Weapons For Future Wars On Sale At Abu Dhabi Arms Show

The future of war is mostly armored cars

Hafeet Air Defense Vehicle

The International Defense Exposition is a technology conference with a whole lot of sellers and very few buyers. On display are the latest in weapons that countries are willing to sell to each other, and they run the gamut from robot patrol boats and fast drones to armored cars designed for chemical warfare.

Check out a few of the items that are up for grabs:

Khalifa-1 Mobile Howitzer

Sudan is huge, almost a fifth the size of the United States, and it’s been involved in a fair share of wars since achieving independence in 1956. Their new Khalifa-1 mobile howitzer, produced by the state-owned Military Industry Corporation, is an artillery weapon that can be rapidly moved across the country. Built from a Russian 6×6 truck chassis with an armored crew cab added on the front, the truck carries a 122-mm howitzer. That’s a Soviet-designed artillery piece with a range of at least 9 miles, depending on the type of ammunition used. Putting it in the back of a vehicle like this means it can launch a barrage of fire and then drive away before enemies can hit back.

Cobra Mortar

Made by Swiss arms manufacturer Ruag, the Cobra launched with a slick video that resembles an ad for a new car or innovative smartphone. The Cobra is, instead, a 120-mm mortar, with a range of more than 5 miles. Crew place the ammunition into a distinctive hood, which then slides along rails and lowers into the mortar’s barrel before firing. The Cobra can be mounted on light armored vehicles, and targeting software lets it do the adorably named tactic of “shoot and scoot,” where it fires from one position and drives away fast to avoid getting shot back.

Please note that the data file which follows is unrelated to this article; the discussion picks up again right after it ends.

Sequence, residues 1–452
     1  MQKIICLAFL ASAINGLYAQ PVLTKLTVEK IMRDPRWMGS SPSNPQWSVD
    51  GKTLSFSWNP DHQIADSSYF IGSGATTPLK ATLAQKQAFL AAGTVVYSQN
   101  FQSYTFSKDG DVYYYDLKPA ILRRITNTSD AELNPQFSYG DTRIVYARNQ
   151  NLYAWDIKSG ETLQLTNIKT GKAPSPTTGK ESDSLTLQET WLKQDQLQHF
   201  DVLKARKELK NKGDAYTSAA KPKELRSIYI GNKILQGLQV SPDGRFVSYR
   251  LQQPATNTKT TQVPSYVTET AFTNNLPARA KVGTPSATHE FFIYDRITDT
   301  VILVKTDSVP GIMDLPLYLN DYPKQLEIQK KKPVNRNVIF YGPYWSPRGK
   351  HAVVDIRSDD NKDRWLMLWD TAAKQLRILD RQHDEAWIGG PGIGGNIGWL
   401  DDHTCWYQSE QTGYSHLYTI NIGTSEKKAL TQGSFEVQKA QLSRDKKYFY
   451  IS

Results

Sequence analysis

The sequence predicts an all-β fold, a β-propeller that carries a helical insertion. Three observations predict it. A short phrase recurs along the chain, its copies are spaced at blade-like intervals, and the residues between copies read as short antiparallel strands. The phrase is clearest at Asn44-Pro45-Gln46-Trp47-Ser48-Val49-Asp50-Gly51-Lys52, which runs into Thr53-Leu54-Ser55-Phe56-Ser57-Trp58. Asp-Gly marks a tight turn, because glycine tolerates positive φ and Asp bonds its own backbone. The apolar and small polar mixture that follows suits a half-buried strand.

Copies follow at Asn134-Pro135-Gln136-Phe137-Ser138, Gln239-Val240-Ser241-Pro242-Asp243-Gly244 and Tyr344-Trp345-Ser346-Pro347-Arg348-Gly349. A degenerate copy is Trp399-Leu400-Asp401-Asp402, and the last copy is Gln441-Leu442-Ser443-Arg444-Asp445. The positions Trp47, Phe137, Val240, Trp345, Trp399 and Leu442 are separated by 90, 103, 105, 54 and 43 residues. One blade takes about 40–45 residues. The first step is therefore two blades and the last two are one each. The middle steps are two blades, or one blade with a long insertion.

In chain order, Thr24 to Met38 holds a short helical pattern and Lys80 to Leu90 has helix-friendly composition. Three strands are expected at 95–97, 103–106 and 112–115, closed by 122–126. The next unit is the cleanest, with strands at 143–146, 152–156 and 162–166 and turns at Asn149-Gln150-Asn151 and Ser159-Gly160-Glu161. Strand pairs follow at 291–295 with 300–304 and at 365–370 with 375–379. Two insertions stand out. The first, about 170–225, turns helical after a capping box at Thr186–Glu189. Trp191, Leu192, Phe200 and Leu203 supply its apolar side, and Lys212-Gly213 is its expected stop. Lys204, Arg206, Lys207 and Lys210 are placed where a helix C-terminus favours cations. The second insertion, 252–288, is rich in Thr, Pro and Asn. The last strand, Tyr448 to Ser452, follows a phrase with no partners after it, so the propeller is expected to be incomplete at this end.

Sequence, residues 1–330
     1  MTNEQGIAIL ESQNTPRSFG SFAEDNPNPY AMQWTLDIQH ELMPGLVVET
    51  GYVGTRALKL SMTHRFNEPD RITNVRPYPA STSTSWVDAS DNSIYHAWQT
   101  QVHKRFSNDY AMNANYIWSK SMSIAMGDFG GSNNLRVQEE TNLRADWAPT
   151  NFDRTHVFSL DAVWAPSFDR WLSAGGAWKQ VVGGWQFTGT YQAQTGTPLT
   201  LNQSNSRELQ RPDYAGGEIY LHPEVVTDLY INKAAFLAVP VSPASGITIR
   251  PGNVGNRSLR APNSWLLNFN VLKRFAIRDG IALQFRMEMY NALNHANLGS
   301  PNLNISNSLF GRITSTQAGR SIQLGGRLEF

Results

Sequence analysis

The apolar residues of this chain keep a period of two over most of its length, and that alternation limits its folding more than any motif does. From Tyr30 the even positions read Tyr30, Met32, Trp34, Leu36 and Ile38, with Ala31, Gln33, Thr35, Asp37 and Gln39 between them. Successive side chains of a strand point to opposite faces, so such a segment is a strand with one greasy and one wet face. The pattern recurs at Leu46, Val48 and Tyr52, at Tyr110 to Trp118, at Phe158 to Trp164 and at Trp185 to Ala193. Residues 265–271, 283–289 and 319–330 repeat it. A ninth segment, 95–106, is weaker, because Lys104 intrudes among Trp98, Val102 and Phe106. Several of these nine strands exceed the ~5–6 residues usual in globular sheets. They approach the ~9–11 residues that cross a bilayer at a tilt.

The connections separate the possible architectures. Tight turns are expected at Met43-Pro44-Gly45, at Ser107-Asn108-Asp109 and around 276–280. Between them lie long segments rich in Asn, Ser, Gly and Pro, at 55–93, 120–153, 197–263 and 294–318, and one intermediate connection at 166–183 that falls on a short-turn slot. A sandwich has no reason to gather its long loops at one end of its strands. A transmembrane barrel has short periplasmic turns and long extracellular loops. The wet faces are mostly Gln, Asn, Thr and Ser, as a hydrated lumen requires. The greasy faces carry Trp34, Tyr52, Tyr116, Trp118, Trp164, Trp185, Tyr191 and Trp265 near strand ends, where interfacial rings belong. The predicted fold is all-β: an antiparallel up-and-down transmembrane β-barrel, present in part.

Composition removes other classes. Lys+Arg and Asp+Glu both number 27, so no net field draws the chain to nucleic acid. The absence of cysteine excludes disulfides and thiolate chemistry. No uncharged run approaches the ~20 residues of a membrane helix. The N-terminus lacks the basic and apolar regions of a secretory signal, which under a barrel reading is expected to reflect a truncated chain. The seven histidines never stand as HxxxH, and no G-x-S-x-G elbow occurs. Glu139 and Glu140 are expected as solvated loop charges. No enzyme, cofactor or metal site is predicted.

Enigma Armored Car

The name invokes an air of mystery, but the Enigma is really straightforward: It’s an armored car, with several options for what weapons it has. It has a V-shaped hull like that found in MRAPS, which protects the people inside from any explosive devices it might drive over. Made by the UAE’s own Emirates Defense Technology, it’s available in an amphibious version, with propellers to steer it through water, and on top it can be outfitted with a range of turrets or adapted to carry artillery pieces.
Kelsey D. Atherton

Kelsey D. Athertonis a defense technology journalist based in Albuquerque, New Mexico. His work on drones, lethal AI, and nuclear weapons has appeared in Slate, The New York Times, Foreign Policy, and elsewhere.